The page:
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Sunday, December 05, 2021

Border sense

As mammoth civilisational states,China and India have for long lived with imprecise borders. After they re-emerged as modern states during the last century....

Written by C. Raja Mohan |
May 13, 2009 12:10:12 am

As mammoth civilisational states,China and India have for long lived with imprecise borders. After they re-emerged as modern states during the last century,China and India have been acutely conscious of their territoriality.

Beijing,however,devotes a lot more energy than New Delhi,to make sure that the national and local bureaucracies are fully aware of the meaning of territorial sovereignty and its effective exercise on the ground.

Late last month,the Chinese Ministry of Foreign Affairs established a new department to better manage China’s borders on both land and water. Called the Department of Boundary and Ocean Affairs,the new unit will be responsible for a number of functions.

These include negotiating land and maritime boundary delimitation,demarcation and joint inspections with neighouring countries,cartography,and oversight of joint trans-border projects.

What the new department does is to consolidate these various functions that were scattered all over the Foreign Office and better coordinate with other governmental agencies that are involved in a variety of tasks relating boundary management.

Although China has sorted out most of its boundary disputes,Beijing wants to be on top of the issues that could arise from the unresolved territorial disputes,including those on land with India and in the South China Sea with a number of Southeast Asian nations.

The new focus on the boundaries is not merely at the national level. In recent weeks China has been showing off the significant improvement in the patrolling of its borders by the security forces,modernisation of boundary infrastructure,and strengthening of the administrative apparatus all along its long frontiers.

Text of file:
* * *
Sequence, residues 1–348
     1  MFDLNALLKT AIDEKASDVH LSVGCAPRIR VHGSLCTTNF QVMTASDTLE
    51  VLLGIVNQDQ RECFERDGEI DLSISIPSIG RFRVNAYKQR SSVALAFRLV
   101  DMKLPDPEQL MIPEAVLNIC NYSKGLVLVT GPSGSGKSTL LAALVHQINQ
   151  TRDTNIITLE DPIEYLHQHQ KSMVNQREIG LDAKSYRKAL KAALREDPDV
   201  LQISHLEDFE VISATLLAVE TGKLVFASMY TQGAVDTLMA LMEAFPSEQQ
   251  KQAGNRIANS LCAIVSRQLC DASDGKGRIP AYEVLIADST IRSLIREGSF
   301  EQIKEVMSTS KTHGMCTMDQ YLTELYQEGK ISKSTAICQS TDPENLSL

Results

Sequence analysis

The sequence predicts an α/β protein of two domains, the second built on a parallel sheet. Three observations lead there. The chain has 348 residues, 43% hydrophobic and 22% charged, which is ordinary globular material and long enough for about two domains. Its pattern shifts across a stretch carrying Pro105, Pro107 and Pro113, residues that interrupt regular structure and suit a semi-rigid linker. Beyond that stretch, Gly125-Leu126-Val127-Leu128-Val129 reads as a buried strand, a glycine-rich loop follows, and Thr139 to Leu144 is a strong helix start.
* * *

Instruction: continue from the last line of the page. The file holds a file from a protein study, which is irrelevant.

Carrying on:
Official Chinese media says the nation can be proud of the fact that it now “effectively controls every inch” of the 22,000 km of land borders. This is not a claim that New Delhi can make.

Despite some inspired bureaucratic initiatives from New Delhi and Prime Minister Manmohan Singh’s strong support for them,it has not been easy to force the pace of modernising India’s border infrastructure and improving its frontier management.

Unless the next government takes up border upgradation on a war footing,the current weaknesses of India’s control of its frontiers could trigger a major national security crisis in the not too distant future.

Modern warfare

Conducting a military exercise involving 50,000 troops might be no big deal for China or India,which boast of such large armed forces. But the Peoples Liberation Army’s plans for ‘Kuayue-09’ underline China’s strong commitment to mastering the techniques of modern warfare.

The exercises to be conducted later this year are meant to assess and improve the PLA’s capabilities in six areas. These are,“command and decision-making,joint operations of land and air forces,operations in complex informational conditions,paratrooper assault operations,simulated battles,and comprehensive exercises by specialist units”,according to the Xinhua news agency.

For the first time,it will involve soldiers from four different army commands as well as the PLA Air Force. The 50,000 men will be moved around for a total distance of 50,000 km in this exercise. The longest single movement would be 2400 km.

‘Kuayue’ means a stride in Chinese and the 2009 exercises are likely to be a big step forward in the upgradation of the PLA’s operational skills. Military analysts say the Kuayue ‘09 exercises are very much part of Beijing’s new emphasis on delivering military force at long range on short notice. Power projection is what all great powers do,and China will certainly be no exception.

Compass navigation

After the US,Russia and Europe,China will become the fourth entity to develop a worldwide commercial satellite navigation system. Named ‘Compass’,the system will firmly establish China’s credentials as a space power.

Last month,China conducted its second successful launch of a Compass satellite. The system is expected to provide regional availability over China by 2010 and offer independent worldwide coverage by 2020. By then Compass would have a constellation of 30 satellites.

The Compass data can also be used in conjunction with the existing and planned satellite positioning systems,including the GPS of America,GLONASS of Russia and Galileo of Europe. The system,of course,will offer important services on the military front on a selective basis.

The writer is a Professor at the S. Rajaratnam School of International Studies,Nanyang Technological University,Singapore.

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